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Conference pitched to help small business owners gain access to capital

The backdrop for the upcoming Access Granted Conference is framed with this question: “Did you know that Memphis is 63 percent Black and yet Black-owned businesses earn less than 1 percent of all business receipts?”

Vowing to change that picture, the organizers are pitching an opportunity to take “the guesswork out of funding your small business” during the event, which is set for 9 a.m. to 5 p.m. on Saturday (May 21) at the Grace House at Graceland, 3600 Elvis Presley Blvd.

Seneca Dunmore

The ticketed event – Access Granted: Freedom, Flexibility Pathways to Freedom – is the launch of a 15-city tour designed to “teach undercapitalized business owners and entrepreneurs how to access capital.” The driving force and host for Access Granted is its founder, Seneca Dunmore of Seneca Dunmore Inc.

The presenters include Joann Massey, founding principal of Lewis Massey and Associates, LLC.  Massey is the City of Memphis’ former director of Business Diversity & Compliance. Also presenting is Williams D. Brack, vice president of Community Engagement for Regions Bank.

“Wealth is not just about having more money; it’s about having more options,” said Dunmore. “Options create opportunities and opportunities create access.”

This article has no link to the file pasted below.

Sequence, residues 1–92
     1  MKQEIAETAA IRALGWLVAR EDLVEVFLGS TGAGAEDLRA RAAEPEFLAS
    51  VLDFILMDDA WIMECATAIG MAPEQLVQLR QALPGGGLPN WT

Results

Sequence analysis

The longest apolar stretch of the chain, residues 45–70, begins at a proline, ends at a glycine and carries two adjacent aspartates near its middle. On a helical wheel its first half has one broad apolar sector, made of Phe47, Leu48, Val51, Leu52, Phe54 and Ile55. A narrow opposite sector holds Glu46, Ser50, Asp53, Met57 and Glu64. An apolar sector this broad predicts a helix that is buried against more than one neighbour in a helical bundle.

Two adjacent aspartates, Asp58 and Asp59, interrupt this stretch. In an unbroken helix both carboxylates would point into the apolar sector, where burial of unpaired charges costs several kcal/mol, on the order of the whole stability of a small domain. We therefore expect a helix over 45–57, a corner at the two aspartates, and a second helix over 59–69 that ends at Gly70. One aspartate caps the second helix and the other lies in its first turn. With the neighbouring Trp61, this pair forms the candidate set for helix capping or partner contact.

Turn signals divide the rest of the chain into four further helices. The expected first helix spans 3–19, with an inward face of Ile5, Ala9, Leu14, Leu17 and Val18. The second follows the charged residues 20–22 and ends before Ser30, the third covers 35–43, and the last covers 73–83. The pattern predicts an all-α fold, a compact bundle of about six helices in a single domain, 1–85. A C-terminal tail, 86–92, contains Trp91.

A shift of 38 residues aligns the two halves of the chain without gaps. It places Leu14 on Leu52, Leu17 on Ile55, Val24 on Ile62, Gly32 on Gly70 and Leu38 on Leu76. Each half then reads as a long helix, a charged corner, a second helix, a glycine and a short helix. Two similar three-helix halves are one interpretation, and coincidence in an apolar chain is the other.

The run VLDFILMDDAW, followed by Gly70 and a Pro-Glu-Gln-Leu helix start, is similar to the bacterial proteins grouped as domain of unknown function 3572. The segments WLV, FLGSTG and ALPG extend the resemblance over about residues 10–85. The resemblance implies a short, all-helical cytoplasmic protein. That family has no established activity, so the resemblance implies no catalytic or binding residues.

Lack of capital is not only damaging to the family unit but also a pervasive unraveling of community, said Dunmore, who asserts that it is possible to stop the unraveling and reverse it.

“Our goal is to position small business owners and entrepreneurs in communities of color with greater economic mobility and self-sufficiency,” she said.

“Black businesses reaching parity with other businesses is not just about individuals, it’s about partnership. That partnership will create the access to capital that this community so desperately needs.”

Massey, whose firm has worked with municipalities nationwide, said, “even when you have diverse and robust entrepreneurial ecosystems like the one we have here in Shelby County it is still challenging for small businesses to navigate.

“Access Granted is structured to take the guesswork out of how to access capital. The information that will be shared will provide invaluable benefits to this community.”

Echoing that access to capital is critical to the success of small businesses, Brack said, “Access granted aims to equip small business owners with the information and tools necessary to prepare to receive capital, prepare to engage lenders and investors, and provide resources that some small business owners may not know exist.”

Small business owners, said Brack, should leave the conference with “critical resources in the short term and tools that will help them gain access and prepare for much-needed capital in the medium and long term.”

Dunmore said Memphis “Black excellence” sharing expertise in various financial sectors also will include Cedric Brooks, principal founder of CMB Capital; venture capital attorney Abraham Williamson, and Shelby County Chancellor William Perry.

(For more information, visit youraccessgranted.com.)

 

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